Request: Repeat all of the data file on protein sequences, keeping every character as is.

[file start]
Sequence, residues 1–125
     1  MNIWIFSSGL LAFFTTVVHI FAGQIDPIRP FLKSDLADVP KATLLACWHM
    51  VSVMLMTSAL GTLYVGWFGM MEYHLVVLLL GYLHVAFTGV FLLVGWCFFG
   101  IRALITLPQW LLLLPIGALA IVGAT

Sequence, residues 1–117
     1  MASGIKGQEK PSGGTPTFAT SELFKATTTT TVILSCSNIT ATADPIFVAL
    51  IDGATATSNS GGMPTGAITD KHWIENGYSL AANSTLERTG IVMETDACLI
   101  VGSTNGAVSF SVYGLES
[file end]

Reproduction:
Sequence, residues 1–125
     1  MNIWIFSSGL LAFFTTVVHI FAGQIDPIRP FLKSDLADVP KATLLACWHM
    51  VSVMLMTSAL GTLYVGWFGM MEYHLVVLLL GYLHVAFTGV FLLVGWCFFG
   101  IRALITLPQW LLLLPIGALA IVGAT

Sequence, residues 1–117
     1  MASGIKGQEK PSGGTPTFAT SELFKATTTT TVILSCSNIT ATADPIFVAL
    51  IDGATATSNS GGMPTGAITD KHWIENGYSL AANSTLERTG IVMETDACLI
   101  VGSTNGAVSF SVYGLES